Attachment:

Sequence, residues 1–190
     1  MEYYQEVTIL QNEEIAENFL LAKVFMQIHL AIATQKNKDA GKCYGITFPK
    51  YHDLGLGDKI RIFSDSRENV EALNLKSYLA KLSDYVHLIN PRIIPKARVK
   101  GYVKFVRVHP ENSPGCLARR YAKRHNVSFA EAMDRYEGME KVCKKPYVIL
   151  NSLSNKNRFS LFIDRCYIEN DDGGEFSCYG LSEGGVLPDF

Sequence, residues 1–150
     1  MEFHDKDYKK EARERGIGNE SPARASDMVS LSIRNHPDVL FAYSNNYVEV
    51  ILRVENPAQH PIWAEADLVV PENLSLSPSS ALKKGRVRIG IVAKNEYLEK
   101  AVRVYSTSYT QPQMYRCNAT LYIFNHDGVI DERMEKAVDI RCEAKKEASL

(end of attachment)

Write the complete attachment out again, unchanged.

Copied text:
Sequence, residues 1–190
     1  MEYYQEVTIL QNEEIAENFL LAKVFMQIHL AIATQKNKDA GKCYGITFPK
    51  YHDLGLGDKI RIFSDSRENV EALNLKSYLA KLSDYVHLIN PRIIPKARVK
   101  GYVKFVRVHP ENSPGCLARR YAKRHNVSFA EAMDRYEGME KVCKKPYVIL
   151  NSLSNKNRFS LFIDRCYIEN DDGGEFSCYG LSEGGVLPDF

Sequence, residues 1–150
     1  MEFHDKDYKK EARERGIGNE SPARASDMVS LSIRNHPDVL FAYSNNYVEV
    51  ILRVENPAQH PIWAEADLVV PENLSLSPSS ALKKGRVRIG IVAKNEYLEK
   101  AVRVYSTSYT QPQMYRCNAT LYIFNHDGVI DERMEKAVDI RCEAKKEASL